About Last Night: How can I stop feeling lonely and miserable?
Q: I’m 30, single, and live alone. My job brought me to Melbourne, where I don’t know many people. I mainly work from home and, when I do go into the office, people are friendly but much older than me. How can I stop feeling lonely and miserable?
A: In a recent article in Forbes magazine, Alice G. Walton wrote: “If you boil all the components, loneliness might emerge as one of the biggest threats to mental health there is. An increasing amount of research in the last few years has revealed exactly this. For instance, Americans who say they don’t have a single confidant has tripled in the last few decades. And a large-scale studyfrom the Kaiser Family Foundation … looked at loneliness patterns in the US, UK, and Japan. Two-thirds of people say they have just a few or no friends or relatives nearby to lend support. And two in 10 people said they felt alone much of the time or always.”
There have always been lonely people but they tended to be elderly or infirm. Today, increasing numbers of young people are finding it difficult to make social contact.
My disability makes meeting new people a challenge for me too, so I decided to attend an event called Curiously Social Creatures’ – curiouscreatures.biz/curiously-social-creatures1.html.
In groups of about five people, a game of Q&A creates a structured conversation in which everyone participates. As the organisers say: “It’s a bit like speed dating, except it’s not quick and nor is it about dating.”
It was a lot of fun and worth attending. There was a diverse crowd but I was surprised by how many younger people spoke of suffering crippling loneliness. One had even become an Uber driver in the hope that this would put them in contact with others.
Walton praises Britain for appointing a Minister for Loneliness to address what Theresa May described as the, “sad reality of modern life" for people of all ages. But she fails to see the irony that it was another female Tory PM, Margaret Thatcher, who once declared: “There is no such thing as society. There are individual men and women and there are families. And no governments can do anything except through people and people must look to themselves first.”
This ethos is great for business and a "Me" generation, equipped with "I" products emerged: iMac, iPod, iPad, and iPhone. There was even an iVibe range of sex toys. Today, we can communicate through social [sic] media, while being totally isolated.
Fewer households have a communal telephone and most have individual bathrooms. We rarely have to negotiate about using the family TV, computer, or car. Life is easier now that we all have our own stuff but are we losing valuable social skills such as negotiation, cooperation, compromise and consideration? Certainly, anti-social behaviours such as violent road rage seem to be on the rise.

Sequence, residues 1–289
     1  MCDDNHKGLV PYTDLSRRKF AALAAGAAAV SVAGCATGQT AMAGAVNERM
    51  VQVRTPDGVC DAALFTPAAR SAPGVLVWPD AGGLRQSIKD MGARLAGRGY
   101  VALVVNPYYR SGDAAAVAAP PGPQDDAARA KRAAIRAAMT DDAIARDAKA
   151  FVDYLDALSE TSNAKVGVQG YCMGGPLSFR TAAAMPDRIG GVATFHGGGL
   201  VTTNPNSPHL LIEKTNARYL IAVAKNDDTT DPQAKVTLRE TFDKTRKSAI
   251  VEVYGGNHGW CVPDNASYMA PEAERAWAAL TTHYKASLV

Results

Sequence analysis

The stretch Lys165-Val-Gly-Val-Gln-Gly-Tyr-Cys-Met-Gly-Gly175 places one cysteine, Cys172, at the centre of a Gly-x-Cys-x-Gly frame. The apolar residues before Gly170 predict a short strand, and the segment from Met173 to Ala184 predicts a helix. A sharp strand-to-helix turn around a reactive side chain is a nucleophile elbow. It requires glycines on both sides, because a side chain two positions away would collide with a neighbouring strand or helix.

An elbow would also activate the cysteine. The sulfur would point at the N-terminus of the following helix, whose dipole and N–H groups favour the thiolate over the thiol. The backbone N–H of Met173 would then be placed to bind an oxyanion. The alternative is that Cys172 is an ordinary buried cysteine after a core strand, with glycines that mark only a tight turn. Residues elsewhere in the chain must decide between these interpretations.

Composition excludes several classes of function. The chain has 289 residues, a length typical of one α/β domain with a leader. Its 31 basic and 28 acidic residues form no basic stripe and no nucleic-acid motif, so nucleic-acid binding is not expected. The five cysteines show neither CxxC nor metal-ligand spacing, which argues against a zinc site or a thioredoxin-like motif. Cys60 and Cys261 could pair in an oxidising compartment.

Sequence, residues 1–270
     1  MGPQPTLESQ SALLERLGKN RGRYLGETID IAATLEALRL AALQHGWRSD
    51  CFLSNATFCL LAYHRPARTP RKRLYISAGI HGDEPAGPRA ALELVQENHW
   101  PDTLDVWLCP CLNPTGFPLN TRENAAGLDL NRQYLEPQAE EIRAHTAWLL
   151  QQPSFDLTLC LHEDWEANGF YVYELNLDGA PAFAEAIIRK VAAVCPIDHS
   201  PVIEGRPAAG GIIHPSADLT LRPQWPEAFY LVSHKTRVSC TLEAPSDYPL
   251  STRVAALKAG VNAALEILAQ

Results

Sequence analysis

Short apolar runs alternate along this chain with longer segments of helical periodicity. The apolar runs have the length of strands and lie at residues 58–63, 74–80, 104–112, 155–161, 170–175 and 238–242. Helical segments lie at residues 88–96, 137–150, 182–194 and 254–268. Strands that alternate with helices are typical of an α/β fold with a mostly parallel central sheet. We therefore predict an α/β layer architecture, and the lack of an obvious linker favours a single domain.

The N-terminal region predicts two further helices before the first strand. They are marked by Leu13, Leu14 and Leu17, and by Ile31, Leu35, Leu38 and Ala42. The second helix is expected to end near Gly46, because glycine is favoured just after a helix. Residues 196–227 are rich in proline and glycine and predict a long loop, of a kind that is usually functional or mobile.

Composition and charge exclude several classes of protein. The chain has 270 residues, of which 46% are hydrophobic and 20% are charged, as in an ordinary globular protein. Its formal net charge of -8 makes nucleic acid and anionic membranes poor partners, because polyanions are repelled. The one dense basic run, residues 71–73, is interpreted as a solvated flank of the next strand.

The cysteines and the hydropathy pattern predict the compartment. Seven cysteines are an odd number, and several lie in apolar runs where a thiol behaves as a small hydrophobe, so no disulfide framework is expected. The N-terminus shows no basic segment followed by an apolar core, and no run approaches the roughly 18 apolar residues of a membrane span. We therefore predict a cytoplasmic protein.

We are also at risk of becoming a bit precious. Some of us have genuine dietary needs but sharing a meal is becoming a logistic nightmare – vegetarian, vegan, gluten intolerant, allergic, low carb and sugar-free or, as a Simpsons character said, “I only eat things that don’t cast a shadow”.
This focus on our individual needs and idiosyncrasies extends to all aspects of life but might we discover how much more flexible and adaptable we could be if we were forced into an emergency shelter, or refugee camp?
We no longer live in villages, families are scattered and many of us have rejected institutionalised religion, preferring to live by our own values, but all this individualism can be isolating. In Paul McCartney’s words, “And, in the end, the love you take is equal to the love you make”.
If you wish someone would reach out to you, reach out to someone. If you feel invisible, let strangers know you see them. If you yearn to be heard, be a good listener. Meet-up groups, sporting clubs and study courses are great for meeting people but so is volunteering. Be the kind of friend you wish you had.
About Last Night
About Last Night Blogs are written by Maureen Mathews, published by Fairfax media. Maureen is the original owner of Bliss for Women. The current Bliss Team is excited to Maureen share her knowledge on our new site. It is fantastic to have Maureen as one of our regular expert contributors. If you wish to ask Maureen a question you can can send an email to email@example.com using About Last Night in the subject of the email.
Bliss is Australia’s longest running women’s focused sex shop. We were founded in 1996 by one of Australia’s most respected sex columnists, Maureen Matthews. She wanted to give women of Melbourne a place where they could explore pleasure and sexuality without the sleazy, without the gaze of the male-dominated sex industry of the time. Maureen’s determination for change despite the City Council of the time trying to stop her was inspirational. This drive for change continues today with the new generation at Bliss.
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